• A giant planet survey with the Gemini NICI imager suggests that less than 10% of solar type stars have giant planets of more than 4 times Jupiter's mass at separations larger than 10 AU.
  • Single power law models for planet characteristics among radial velocity detected planets cannot be extended to the directly imaged planets. Our understanding is still incomplete and/or these two techniques probe different populations of planets.
  • The Kozai mechanism, in which a 3rd object in a system (say a distant secondary star or planet) causes the eccentricity and inclination of the 2nd object (say a planet around the primary star) to oscillate, also works in the case of an inclined planet crossing a disk. Dynamical friction will dampen the inclination oscillations, though the disk can dissipate before it is fully damped.
  • The ~1m/s limit on radial velocity planet searches is driven by intrinsic stellar phenomena. Data analysis techniques, such as binning the data, can be used to get higher precisions.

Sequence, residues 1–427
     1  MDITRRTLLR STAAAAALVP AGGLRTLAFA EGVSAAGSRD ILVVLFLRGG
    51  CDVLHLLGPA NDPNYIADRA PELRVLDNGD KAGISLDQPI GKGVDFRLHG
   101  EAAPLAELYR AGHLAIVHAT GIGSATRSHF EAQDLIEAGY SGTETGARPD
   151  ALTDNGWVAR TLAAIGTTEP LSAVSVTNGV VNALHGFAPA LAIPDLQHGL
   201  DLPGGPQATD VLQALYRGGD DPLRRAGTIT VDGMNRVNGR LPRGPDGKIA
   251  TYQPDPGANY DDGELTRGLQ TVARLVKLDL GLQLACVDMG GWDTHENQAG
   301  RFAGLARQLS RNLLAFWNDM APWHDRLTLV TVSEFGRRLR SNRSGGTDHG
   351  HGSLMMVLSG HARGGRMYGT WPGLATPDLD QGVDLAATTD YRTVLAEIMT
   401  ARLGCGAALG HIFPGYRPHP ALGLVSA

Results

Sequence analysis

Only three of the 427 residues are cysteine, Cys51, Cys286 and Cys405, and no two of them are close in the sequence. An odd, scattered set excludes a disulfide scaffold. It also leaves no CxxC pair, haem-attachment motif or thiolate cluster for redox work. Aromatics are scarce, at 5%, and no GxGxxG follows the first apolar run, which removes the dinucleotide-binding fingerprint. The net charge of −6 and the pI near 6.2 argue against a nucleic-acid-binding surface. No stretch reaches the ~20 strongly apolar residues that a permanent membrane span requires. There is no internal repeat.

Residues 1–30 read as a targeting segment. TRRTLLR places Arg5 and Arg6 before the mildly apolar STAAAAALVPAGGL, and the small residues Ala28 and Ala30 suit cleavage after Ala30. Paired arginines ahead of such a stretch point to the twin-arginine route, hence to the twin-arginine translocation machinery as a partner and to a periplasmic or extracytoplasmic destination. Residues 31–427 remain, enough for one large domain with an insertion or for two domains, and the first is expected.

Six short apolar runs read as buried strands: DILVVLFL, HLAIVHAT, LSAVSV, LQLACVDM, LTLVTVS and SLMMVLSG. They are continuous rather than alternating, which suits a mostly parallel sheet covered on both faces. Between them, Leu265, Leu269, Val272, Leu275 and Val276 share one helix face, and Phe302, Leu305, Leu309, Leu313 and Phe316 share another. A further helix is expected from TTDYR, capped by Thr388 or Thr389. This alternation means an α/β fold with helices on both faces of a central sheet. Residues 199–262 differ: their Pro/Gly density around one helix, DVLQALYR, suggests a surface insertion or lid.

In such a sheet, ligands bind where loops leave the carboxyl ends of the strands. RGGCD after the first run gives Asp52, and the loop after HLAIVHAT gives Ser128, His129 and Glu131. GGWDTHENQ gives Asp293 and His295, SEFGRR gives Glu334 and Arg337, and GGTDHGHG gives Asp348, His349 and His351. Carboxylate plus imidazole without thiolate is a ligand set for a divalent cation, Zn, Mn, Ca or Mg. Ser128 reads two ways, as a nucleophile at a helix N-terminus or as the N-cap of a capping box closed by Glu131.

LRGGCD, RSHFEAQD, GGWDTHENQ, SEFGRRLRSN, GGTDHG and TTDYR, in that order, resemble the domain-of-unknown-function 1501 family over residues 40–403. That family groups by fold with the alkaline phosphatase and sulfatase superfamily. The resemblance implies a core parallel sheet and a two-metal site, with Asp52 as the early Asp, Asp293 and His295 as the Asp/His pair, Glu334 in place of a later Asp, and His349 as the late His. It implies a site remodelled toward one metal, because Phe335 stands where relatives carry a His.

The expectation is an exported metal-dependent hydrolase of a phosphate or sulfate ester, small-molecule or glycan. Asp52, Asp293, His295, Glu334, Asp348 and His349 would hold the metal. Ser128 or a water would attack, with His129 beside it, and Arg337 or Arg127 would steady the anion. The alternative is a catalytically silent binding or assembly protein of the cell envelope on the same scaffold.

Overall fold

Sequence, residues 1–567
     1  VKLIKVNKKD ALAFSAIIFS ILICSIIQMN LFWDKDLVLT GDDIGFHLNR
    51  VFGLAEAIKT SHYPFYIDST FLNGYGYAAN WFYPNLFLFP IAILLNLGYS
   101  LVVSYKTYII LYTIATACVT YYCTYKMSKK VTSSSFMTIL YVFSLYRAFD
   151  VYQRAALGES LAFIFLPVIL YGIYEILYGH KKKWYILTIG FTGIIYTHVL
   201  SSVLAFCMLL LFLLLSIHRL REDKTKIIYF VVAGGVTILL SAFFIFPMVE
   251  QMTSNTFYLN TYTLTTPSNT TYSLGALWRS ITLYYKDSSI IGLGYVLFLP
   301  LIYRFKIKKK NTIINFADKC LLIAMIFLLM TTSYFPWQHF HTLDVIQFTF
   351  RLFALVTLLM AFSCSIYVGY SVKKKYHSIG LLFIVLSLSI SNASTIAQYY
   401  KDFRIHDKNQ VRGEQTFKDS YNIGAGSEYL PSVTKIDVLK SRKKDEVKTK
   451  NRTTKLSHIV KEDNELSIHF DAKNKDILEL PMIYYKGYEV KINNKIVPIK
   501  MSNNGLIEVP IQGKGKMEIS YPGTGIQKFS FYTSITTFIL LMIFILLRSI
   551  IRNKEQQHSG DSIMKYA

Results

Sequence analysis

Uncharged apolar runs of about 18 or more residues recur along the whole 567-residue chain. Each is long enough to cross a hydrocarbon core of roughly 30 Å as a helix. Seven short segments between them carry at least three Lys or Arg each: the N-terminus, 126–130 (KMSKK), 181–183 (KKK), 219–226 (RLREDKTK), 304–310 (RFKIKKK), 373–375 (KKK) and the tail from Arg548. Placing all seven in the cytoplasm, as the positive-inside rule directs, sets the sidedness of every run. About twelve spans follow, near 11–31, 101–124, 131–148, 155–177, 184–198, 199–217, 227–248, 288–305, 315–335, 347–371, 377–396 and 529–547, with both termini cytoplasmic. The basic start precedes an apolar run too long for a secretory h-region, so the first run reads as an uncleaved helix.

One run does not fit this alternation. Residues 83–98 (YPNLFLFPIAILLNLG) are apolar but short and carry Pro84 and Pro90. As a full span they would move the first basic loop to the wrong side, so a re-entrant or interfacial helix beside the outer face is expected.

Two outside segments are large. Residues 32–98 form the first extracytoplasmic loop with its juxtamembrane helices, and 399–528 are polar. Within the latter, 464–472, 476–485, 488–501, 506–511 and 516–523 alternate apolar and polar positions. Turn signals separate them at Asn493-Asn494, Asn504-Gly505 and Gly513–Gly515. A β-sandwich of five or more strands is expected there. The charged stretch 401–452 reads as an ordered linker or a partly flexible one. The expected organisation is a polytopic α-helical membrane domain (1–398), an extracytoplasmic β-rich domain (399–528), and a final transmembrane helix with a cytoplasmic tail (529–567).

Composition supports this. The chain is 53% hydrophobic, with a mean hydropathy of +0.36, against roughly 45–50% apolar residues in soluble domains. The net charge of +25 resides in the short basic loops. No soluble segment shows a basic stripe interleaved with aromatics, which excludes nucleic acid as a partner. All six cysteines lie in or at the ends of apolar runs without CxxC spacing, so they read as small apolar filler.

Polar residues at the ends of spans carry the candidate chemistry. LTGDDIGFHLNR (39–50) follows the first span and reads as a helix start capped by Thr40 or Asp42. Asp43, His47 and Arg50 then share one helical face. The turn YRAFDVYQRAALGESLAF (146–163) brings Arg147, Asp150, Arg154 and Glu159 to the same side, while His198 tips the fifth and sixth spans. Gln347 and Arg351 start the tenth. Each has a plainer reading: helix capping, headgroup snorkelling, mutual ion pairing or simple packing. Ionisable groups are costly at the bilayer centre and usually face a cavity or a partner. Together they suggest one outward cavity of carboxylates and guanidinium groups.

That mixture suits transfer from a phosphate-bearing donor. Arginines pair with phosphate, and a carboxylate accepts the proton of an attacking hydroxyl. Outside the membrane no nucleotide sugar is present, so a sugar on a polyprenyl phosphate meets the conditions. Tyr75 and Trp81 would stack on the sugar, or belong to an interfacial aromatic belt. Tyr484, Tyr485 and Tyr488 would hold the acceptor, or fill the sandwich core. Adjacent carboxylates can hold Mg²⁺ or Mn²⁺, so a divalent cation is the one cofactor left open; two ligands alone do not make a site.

• There's both crystalline ice (like the type on your freezer) and amorphous ice, where the molecules are randomly arranged. Amorphous ice can very quickly, and explosively if it has trapped gases, convert to crystalline ice if it has enough energy or it gets warm enough. At 100 Kelvin (-173 Celsius, -280 Fahrenheit), the transformation takes only a millisecond.
  • At any given time, there are 1-2 1-meter size 'mini-Moons' sharing the Earth's orbit for a period of a few months. Much larger mini-Moons, say 100-meters, only share the orbit once every 100,000 years. These larger objects would be visible to the naked eye. Note that these mini-Moons are not truly bound to the Earth and are just passing through.

 The best quote from the conference:
Planets are more exciting than galaxies.
  - Dave Jewitt


  1. Awesome recap! :) Love the John Carter coincidence and Dave Jewitt quote.

  2. I also liked the discussion on the amount of cows on Mars, and by the stiff upper limit of 2 cows / km^2